Life is unpredictable—but hey, “that’s okay. Embrace it,” says author Thomas Oppong, creator of Thinking in Models and Kaizen Habits.
The idea of “embracing the unpredictable” that Oppong is referencing stems from a Japanese philosophy called wabi-sabi.
Wabi-sabi, which is comprised of the combination of Japanese words “wabi,” meaning “rustic simplicity” and “sabi,” meaning to “take pleasure in the imperfect,” finds its essence in that nothing is certain.
Followers of the wabi-sabi philosophy are encouraged to look for their blessings in life and to put an end to merely making life a grueling quest for achievements, perfection and other sometimes impossible goals, Oppong explains.
Simply put, wabi-sabi gives a person permission to just be themselves. Because then on the other hand, “everything is possible,” says Oppong in his blog , “ Wabi-Sabi: the Japanese Philosophy for a Perfectly Imperfect Life. ”
Take Pleasure in the Imperfect
By accepting life’s imperfections and it’s open possibilities, one can learn to find beauty in everyday flaws and grow to appreciate them. The concept is perhaps best illustrated, and even originated from, the Japanese tea ceremony, in which the teacups are sometimes chipped, old and cracked, yet unique and beautiful.
Wabi-sabi is also used to refer to art that is simple, rustic and imperfect.
For example decorating a living room with old family furniture or thrift store knick-knacks that are placed lovingly just so, so as to bring a homely joy.
So, How Can You Wabi-Sabi Your Life?
That is, how can you make it simpler and yet more beautiful? One of the first steps is to back away from an image-driven life and move towards one that is filled with more meaning by embracing the flaws and imperfections that you experience daily.
Next, here are some other places you can start:
In an article for EcoSalon, Robyn Griggs Lawrence, author of The Wabi-Sabi House notes that “Wabi-sabi is not a decorating style, but rather a mindset with no list of rules.”
“Creating a wabi-sabi home is the result of developing our wabigokoro, or wabi mind and heart: living modestly, learning to be satisfied with life once we strip away the unnecessary, and living in the moment – an arduous task in our fast-paced, uber-connected world,” Lawrence says.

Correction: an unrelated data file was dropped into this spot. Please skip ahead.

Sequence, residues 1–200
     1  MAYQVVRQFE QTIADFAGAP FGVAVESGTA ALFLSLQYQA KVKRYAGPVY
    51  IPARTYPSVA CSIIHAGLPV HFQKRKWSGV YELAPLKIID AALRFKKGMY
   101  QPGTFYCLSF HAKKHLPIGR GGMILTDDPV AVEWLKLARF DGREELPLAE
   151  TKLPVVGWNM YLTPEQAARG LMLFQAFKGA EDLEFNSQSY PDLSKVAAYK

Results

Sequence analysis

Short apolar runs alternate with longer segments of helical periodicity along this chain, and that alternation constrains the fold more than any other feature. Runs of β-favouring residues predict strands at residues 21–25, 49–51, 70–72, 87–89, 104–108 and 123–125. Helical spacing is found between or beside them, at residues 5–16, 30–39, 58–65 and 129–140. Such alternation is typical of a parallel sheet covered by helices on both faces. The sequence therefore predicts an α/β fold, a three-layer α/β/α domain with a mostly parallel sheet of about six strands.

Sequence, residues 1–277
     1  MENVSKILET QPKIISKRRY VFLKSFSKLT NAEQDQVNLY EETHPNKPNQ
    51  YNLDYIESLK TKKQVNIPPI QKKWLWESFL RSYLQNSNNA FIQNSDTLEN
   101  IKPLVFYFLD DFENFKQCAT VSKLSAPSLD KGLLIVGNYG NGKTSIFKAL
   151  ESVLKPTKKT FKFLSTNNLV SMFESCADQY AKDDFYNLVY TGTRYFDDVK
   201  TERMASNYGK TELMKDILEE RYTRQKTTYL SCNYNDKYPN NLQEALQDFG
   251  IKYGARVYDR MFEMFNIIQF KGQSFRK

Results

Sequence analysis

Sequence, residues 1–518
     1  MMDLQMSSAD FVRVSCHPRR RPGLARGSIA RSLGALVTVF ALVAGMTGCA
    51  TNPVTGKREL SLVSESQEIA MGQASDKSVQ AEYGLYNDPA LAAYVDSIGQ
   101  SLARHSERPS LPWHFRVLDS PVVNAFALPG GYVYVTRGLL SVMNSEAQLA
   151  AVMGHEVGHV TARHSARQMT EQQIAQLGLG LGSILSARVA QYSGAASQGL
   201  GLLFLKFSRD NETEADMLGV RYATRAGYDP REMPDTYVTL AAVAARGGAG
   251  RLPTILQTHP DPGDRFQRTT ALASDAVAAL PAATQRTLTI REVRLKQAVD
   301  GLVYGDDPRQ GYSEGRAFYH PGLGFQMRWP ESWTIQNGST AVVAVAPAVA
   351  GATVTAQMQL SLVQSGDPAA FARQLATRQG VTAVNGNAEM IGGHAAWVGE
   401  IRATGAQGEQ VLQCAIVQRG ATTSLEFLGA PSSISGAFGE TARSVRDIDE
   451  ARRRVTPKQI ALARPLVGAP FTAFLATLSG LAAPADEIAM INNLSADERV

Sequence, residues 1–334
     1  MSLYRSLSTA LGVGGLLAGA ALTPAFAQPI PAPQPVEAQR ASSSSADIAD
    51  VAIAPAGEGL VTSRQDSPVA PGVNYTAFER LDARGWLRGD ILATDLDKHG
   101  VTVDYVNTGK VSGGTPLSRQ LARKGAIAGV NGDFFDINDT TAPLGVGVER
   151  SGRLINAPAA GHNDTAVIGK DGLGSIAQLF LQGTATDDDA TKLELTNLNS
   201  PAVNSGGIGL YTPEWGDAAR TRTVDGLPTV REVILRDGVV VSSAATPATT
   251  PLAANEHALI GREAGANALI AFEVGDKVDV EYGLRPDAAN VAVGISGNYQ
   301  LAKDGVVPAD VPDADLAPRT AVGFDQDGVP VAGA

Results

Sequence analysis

It’s wabi-sabi to keep what you have. So it’s encouraged to think twice before getting rid of that well-worn but beloved item — especially if it’s made of a material like leather or wool that gets more character with age.
“Appreciating what you already have is more important than acquiring new things,” says Leonard Koren, author of Wabi-Sabi: for Artists, Designers, Poets & Philosophers.
Wabi-sabi can help you see the beauty in your imperfect self — and even in your aging self, which has an imperfect beauty all its own, says Jessie Sholl, in her Experience Life blog .
“This is where adopting a wabi-sabi outlook can be eye-opening — and mind-opening,” Sholl says.
“By perceiving ourselves through this generous lens, we can stop endlessly striving for the ideal body and focus instead on real physical health. All it takes is a shift in perception.”
Being wabi-sabi is mostly about being appreciative with the life around us.
“Shutting off the nagging pull of perfection-seeking,” says Sarah Wilson in her blog , “how to get wabi-sabi with it.” The process of observing the way things are, rather than how they should be, helps her get into “a lovely focused space” that feels meditative. “It feels special and true,” she says.
Diana Manos is a seasoned journalist who has been covering healthcare policy issues in Washington, DC for newspapers, magazines and trade publications for twenty years, with the past ten focusing mainly on health IT. She was senior editor at HIMSS Media from 2006-2014, writing daily for healthcare executives and chief information officers in Healthcare IT News and Government Health IT. Today, she has a successful freelance writing business, with stories published regularly in Health Data Management, Healthcare IT News and Meritalk. She is a thought leader on healthcare issues with an avid Twitter following (@Diana_Manos). Diana covers everything of vital interest to physicians, patients and healthcare industry stakeholders, keeping close ties with other thought leaders, experts and policymakers on a weekly basis. Her ability to spot healthcare policy trends and her deep understanding of the regulatory issues faced by physicians and hospitals gives her stories a wide reach. Diana’s healthcare stories have appeared in the Washington Post, Health Leaders magazine, Hospitals and Health Networks magazine and more. She has been the recipient of several writing awards including the Jesse H. Neal Award for editorial honors in the field of specialized journalism and the American Society of Business Publication Editors Award. In her personal life, Diana is passionate about patient empowerment, natural healing methods and alternative healthcare.